Jennings is also a special game manager. Does he take bad shots? He takes a lot of bad shots. Some of that could be credited to arrogance, too much confidence or just being a shot chucker. Or some of that could be out of desperation or necessity. The bad shot selection overshadows the even-handed nature and calm nature he runs this misshapen Bucks offense. He doesn’t really turn the ball over. There were just 21 players last season that played in 2,000 or more minutes while having a usage rate above 25% and a turnover rate under 13%. Jennings was one of those 21 players and the only point guard on the list.

Jennings has the understanding of a veteran in terms of how he sees the floor. It’s not only an understanding of where the team should go next (even though they don’t have the players to actually accomplish this feat) but it’s a confidence of knowing he’s making the right decision. And it’s a confidence in knowing he can create any shot he needs to, even if he’s having a difficult time converting them into points.

Is that confidence considered “swag?” Is his shot selection considered “swag?”

Is there even a way to determine what that means in the game of basketball? There is no winning with whatever it is we quantify as his “swag.” For some, it’s an all-encompassing measurement of cool. It’s the confidence of being comfortable with taking any shot at any time. For others, it’s an arrogance that tricks his advocators into thinking he’s better than his actual rating.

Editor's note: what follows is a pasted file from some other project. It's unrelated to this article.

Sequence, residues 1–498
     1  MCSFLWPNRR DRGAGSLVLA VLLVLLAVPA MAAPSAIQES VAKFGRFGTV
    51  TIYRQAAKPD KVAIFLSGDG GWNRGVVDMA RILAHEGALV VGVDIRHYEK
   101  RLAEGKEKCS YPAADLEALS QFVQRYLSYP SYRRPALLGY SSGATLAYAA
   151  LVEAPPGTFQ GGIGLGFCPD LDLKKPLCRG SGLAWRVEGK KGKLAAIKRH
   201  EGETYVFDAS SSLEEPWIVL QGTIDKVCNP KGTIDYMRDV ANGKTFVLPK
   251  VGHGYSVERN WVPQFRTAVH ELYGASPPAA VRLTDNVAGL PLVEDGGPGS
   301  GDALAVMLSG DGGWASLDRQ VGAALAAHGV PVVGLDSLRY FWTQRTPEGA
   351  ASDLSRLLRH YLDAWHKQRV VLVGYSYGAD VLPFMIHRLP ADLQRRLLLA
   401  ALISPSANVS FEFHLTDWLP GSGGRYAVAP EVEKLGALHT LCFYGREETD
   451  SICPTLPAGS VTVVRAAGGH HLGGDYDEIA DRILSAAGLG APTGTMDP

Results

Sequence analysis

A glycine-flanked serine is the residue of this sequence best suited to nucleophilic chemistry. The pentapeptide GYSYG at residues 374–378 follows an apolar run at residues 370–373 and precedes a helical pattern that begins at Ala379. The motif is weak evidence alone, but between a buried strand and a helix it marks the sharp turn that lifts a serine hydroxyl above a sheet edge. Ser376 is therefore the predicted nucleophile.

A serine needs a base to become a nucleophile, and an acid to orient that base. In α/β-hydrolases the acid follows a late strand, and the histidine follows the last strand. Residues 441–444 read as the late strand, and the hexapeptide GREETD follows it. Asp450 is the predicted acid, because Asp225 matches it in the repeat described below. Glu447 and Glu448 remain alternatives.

He is both overrated and underrated at the same time because we don’t actually know where to rate him in the hierarchy of floor leaders in the NBA. His attitude confounds us. It’s everything we want in a player and everything we love to point out as a flaw within their overall impact on the team concept.

Regardless of what you think of Brandon Jennings it’s probably incorrect because we overcompensate for our own deficiencies as basketball-watchers while figuring out exactly what his deficiencies are in the grand scheme of team sport. Jennings is going to be a lot better and worse than you expect this year. He will improve and it will either validate what you know he is or show that his previous validation was premature.

And that’s what “swag” is in the world of the NBA. Whatever the hell that means.

Big thanks to Ethan Sherwood Strauss for helping me figure out what “swag” means.

Related posts:

  1. Brandon Jennings: Most Vital Player?
  2. Goodman League swag now online
  3. Kobe’s Conundrum: Can Kobe Master His Individual Instinct?
  4. HoopSpeak Live Episode 27: Henry Abbott and Zach Lowe
Get Adobe Flash playerPlugin by wordpress themes